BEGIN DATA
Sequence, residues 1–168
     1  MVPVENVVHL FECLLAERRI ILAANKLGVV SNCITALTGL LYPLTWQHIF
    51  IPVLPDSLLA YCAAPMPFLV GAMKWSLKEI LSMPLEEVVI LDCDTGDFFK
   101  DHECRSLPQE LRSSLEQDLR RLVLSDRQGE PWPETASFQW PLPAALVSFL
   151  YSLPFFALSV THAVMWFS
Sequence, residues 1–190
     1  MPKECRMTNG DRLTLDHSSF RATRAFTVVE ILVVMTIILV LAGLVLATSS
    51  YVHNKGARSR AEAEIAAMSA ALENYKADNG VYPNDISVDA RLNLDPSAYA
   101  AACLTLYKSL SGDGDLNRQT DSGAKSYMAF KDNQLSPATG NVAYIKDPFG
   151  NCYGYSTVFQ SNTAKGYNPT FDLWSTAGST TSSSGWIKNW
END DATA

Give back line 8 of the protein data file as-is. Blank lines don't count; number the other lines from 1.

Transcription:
    51  YVHNKGARSR AEAEIAAMSA ALENYKADNG VYPNDISVDA RLNLDPSAYA